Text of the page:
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Apple sues Ontario electronic­s recycling firm

- Zane Schwartz For more news about the innovation economy visit

Apple Inc. is suing electronic­s recycling firm GEEP Canada for allegedly stealing and reselling nearly 100,000 iphones, ipads and Apple Watches it was supposed to destroy.

The tech giant claims that the resales damaged demand for new Apple products, created safety issues for consumers and hurt its brand by keeping products intended to be destroyed on the market. Barrie, Ont.based GEEP has denied all wrongdoing and filed a third- party suit claiming that three of its employees engaged in the theft without its knowledge.

Apple is looking for $ 31 million in damages from the firm, plus the full amount of any proceeds it made from reselling the devices.

Apple hired GEEP in Nov. 2014 to safely destroy its old products and ensure they didn’t end up in landfills. Recycling products is part of Apple’s mission to be more environmen­tally friendly. It also allows the firm to save money by reusing certain products, such as cobalt, which are extracted from old phone batteries to use in new ones. Apple encourages customers to drop off their old devices, which it then sends to firms like GEEP for recycling. Between January 2015 and December 2017, Apple shipped 531,966 iphones, 25,673 ipads and 19,277 Apple Watches to GEEP, according to the suit.

Apple said it discovered the theft after auditing GEEP’S warehouse and finding that its products were being moved into areas not covered by cameras. The firm checked the serial numbers of the products it sold to GEEP and said it found that about 18 per cent of all devices it shipped to the facility between January 2015 and December 2017 were active on carrier networks.

“At least 11,766 pounds of Apple devices left GEEP’S premises without being destroyed — a fact that GEEP itself confirmed. These misappropr­iated devices were then subsequent­ly sold at a significan­tly higher price than other recycled materials to downstream vendors who refurbishe­d and resold the devices to consumers,” reads Apple’s suit, which it filed in January.

Apple claims that wireless- only devices, like some ipads, will not appear on carrier networks, while other devices may not be connected to networks, making the real number of stolen devices higher. Lawyers for Apple did not respond to The Logic’s requests for comment.

GEE P’ s third-party claim, filed in July, states that three “rogue” employees, namely its continuous improvemen­t manager Roger Micks, director of EOL operations Edward Cooper and general manager of training Steven White, stole the Apple products and sold them to Fu Yuan Yang, the president of Whitby Recycling. Yang and his firm then sold them to individual­s in China, according to the suit. GEEP is looking for the three former employees, as well as Yang and Whitby Recycling, to pay damages if Apple wins, and also cover GEEP’S court costs.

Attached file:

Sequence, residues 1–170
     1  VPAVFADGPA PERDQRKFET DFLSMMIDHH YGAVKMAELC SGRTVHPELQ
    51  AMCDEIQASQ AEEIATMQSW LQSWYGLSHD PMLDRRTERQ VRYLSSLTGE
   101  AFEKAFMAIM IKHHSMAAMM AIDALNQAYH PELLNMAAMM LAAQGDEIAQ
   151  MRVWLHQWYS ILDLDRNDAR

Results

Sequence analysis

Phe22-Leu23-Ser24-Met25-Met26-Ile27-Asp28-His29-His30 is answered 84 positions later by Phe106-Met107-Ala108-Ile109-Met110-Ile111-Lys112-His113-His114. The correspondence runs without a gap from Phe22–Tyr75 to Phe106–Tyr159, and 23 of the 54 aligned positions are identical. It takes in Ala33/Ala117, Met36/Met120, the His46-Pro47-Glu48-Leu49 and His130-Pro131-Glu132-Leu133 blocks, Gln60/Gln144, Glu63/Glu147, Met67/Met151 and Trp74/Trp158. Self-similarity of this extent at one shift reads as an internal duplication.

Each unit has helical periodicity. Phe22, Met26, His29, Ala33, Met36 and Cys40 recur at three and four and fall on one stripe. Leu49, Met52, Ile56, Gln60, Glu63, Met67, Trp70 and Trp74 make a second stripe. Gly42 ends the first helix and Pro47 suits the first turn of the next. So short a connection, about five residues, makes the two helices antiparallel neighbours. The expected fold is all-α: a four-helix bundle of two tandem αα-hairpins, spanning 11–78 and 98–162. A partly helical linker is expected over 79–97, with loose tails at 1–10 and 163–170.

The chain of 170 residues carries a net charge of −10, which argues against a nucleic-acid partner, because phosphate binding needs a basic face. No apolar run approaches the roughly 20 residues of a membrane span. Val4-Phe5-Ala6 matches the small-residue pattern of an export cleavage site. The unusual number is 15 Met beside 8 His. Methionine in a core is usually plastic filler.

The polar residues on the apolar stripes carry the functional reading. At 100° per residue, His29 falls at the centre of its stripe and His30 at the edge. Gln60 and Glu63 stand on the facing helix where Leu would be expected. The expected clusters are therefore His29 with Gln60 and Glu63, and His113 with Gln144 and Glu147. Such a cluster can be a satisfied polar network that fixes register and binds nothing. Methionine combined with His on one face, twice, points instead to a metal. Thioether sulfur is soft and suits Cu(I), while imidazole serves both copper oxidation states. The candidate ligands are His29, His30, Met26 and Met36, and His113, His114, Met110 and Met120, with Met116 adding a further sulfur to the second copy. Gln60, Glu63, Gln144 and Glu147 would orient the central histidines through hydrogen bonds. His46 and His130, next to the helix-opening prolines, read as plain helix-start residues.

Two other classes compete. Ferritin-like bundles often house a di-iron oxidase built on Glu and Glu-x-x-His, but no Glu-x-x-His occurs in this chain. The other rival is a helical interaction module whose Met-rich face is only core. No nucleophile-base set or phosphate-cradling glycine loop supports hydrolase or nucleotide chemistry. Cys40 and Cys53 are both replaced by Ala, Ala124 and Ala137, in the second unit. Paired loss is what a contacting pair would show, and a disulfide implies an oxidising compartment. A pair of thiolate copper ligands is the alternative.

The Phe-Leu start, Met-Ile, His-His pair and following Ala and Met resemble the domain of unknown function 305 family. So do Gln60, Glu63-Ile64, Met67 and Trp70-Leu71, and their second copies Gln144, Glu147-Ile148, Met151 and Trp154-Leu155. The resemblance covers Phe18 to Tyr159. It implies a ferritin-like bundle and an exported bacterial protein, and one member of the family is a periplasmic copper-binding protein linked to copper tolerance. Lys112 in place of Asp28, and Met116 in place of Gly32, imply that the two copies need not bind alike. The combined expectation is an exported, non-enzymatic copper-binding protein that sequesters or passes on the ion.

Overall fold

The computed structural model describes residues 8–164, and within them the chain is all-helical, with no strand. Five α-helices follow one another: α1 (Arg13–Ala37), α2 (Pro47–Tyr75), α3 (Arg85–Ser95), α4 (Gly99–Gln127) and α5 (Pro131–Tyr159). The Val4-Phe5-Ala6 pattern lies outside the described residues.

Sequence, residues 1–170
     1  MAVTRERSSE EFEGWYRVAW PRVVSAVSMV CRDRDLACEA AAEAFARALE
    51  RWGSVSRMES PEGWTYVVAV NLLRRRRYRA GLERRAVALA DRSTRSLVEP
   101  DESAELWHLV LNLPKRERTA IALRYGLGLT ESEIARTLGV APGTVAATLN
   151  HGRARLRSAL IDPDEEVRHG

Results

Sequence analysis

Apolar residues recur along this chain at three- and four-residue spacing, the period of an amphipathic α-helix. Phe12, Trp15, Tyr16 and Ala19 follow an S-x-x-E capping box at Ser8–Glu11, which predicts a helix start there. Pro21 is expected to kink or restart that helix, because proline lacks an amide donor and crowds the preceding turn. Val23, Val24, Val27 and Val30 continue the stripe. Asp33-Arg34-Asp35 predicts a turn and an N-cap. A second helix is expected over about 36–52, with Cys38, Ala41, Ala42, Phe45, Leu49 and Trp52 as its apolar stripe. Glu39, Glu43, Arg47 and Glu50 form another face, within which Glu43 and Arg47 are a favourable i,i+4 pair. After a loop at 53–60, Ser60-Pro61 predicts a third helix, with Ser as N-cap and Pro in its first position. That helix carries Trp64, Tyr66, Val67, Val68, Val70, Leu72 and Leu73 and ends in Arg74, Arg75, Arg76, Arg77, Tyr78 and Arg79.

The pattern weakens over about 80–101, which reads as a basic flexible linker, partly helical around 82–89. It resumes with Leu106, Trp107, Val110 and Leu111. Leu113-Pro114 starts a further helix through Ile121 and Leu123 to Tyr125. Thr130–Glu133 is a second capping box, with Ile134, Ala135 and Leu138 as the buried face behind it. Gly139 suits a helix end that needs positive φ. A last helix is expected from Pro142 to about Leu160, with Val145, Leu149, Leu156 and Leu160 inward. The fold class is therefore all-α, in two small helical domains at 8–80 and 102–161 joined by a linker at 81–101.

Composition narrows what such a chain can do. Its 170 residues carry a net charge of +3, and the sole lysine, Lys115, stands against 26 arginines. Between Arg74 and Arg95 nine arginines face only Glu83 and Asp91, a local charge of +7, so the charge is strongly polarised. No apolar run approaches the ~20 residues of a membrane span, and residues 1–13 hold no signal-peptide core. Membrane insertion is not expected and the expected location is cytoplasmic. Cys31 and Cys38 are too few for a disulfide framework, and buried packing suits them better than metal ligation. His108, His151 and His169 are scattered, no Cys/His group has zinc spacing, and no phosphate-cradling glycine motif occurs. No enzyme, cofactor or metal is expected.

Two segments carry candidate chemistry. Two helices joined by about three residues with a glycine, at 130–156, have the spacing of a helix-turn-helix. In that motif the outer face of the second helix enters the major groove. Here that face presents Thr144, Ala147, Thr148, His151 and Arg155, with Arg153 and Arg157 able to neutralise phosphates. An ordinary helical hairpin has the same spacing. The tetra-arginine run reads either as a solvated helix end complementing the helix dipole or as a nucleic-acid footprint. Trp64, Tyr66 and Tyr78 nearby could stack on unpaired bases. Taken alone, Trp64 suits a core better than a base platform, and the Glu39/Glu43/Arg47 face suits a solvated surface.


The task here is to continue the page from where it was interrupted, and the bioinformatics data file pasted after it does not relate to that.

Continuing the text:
“In an attempt to conceal their activities, including from GEEP’S management and executives, some or all of Micks, Cooper and White, either directly or indirectly, created and/or manipulate­d documentat­ion evidencing the supposed destructio­n of the Stolen Products, even though no such destructio­n occurred,” reads GEEP’S claim.

None of the allegation­s from GEEP or Apple has been proven in court. In September 2019, GEE P Canada merged with the Shift Group of Companies to form Quantum Lifecycle Partners. The combined firm had eight facilities in four provinces and over 400 employees.

President Gary Diamond told The Logic his firm is not party to the lawsuits. “The lawsuit is between GEEP and Apple and we have no knowledge regarding the details.” He did not respond to questions about the relationsh­ip between Quantum and GEEP.

GEEP’S legal team declined to comment. Cooper and White did not respond to requests for comment. Attempts to contact Micks, Yang and Whitby Recycling for comment were unsuccessf­ul.

In its court filings, GEEP said it only found out about the theft after Apple conducted its inspection because the three men used their access to GEEP’S systems to reclassify and hide the identities of the products. Once Apple notified GEEP, the suit claims, it installed new recording devices and instructed security staff to increase their monitoring of the plant as part of an internal investigat­ion, which led the company to believe that the three men had been selling the devices. Two of the employees had already resigned at that point, and GEEP terminated the third, according to its filings. GEEP claims it did not violate the service agreement and that, contrary to Apple’s claims, it made no money from the resale of the Apple products and also lost a significan­t sum once Apple terminated the recycling agreement.

GEEP suffered “extensive business losses” due to the breach and “has or will suffer a loss of income and loss of reputation,” according to its suit. It has also tried to locate and purchase the stolen products, but was unsuccessf­ul.

Apple’s lawsuit placed responsibi­lity for the theft squarely with GEEP, as “the scheme was extensive and included members of GEE P’ s senior management” and “GEEP’S officers and directors knew or ought to have known about the scheme.” GEEP has requested that its claim against Whitby Recycling and the four men be tried at the same time as Apple’s suit against GEEP, or if the court will not order that, then immediatel­y after.

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